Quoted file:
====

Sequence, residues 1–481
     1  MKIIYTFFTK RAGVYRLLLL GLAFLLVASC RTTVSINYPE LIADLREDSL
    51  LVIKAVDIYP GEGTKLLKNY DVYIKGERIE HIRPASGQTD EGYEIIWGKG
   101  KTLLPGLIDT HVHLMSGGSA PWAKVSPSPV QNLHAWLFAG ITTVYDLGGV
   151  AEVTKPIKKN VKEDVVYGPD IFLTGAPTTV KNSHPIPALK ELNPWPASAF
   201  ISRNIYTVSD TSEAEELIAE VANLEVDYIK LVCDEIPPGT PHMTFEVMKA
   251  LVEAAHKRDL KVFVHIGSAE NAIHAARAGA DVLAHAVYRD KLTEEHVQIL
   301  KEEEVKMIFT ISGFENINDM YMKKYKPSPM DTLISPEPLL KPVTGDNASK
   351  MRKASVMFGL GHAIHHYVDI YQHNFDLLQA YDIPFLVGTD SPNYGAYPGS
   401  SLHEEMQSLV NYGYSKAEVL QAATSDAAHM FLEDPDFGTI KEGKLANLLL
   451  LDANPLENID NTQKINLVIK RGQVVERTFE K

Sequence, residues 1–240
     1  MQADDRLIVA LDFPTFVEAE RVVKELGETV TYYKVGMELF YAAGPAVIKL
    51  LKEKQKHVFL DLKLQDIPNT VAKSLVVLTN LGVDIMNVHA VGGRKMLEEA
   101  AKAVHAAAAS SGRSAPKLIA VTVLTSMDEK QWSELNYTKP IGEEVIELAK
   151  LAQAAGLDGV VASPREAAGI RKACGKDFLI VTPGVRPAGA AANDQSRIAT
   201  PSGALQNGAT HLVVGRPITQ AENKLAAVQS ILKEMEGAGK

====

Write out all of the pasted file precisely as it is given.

Sequence, residues 1–481
     1  MKIIYTFFTK RAGVYRLLLL GLAFLLVASC RTTVSINYPE LIADLREDSL
    51  LVIKAVDIYP GEGTKLLKNY DVYIKGERIE HIRPASGQTD EGYEIIWGKG
   101  KTLLPGLIDT HVHLMSGGSA PWAKVSPSPV QNLHAWLFAG ITTVYDLGGV
   151  AEVTKPIKKN VKEDVVYGPD IFLTGAPTTV KNSHPIPALK ELNPWPASAF
   201  ISRNIYTVSD TSEAEELIAE VANLEVDYIK LVCDEIPPGT PHMTFEVMKA
   251  LVEAAHKRDL KVFVHIGSAE NAIHAARAGA DVLAHAVYRD KLTEEHVQIL
   301  KEEEVKMIFT ISGFENINDM YMKKYKPSPM DTLISPEPLL KPVTGDNASK
   351  MRKASVMFGL GHAIHHYVDI YQHNFDLLQA YDIPFLVGTD SPNYGAYPGS
   401  SLHEEMQSLV NYGYSKAEVL QAATSDAAHM FLEDPDFGTI KEGKLANLLL
   451  LDANPLENID NTQKINLVIK RGQVVERTFE K

Sequence, residues 1–240
     1  MQADDRLIVA LDFPTFVEAE RVVKELGETV TYYKVGMELF YAAGPAVIKL
    51  LKEKQKHVFL DLKLQDIPNT VAKSLVVLTN LGVDIMNVHA VGGRKMLEEA
   101  AKAVHAAAAS SGRSAPKLIA VTVLTSMDEK QWSELNYTKP IGEEVIELAK
   151  LAQAAGLDGV VASPREAAGI RKACGKDFLI VTPGVRPAGA AANDQSRIAT
   201  PSGALQNGAT HLVVGRPITQ AENKLAAVQS ILKEMEGAGK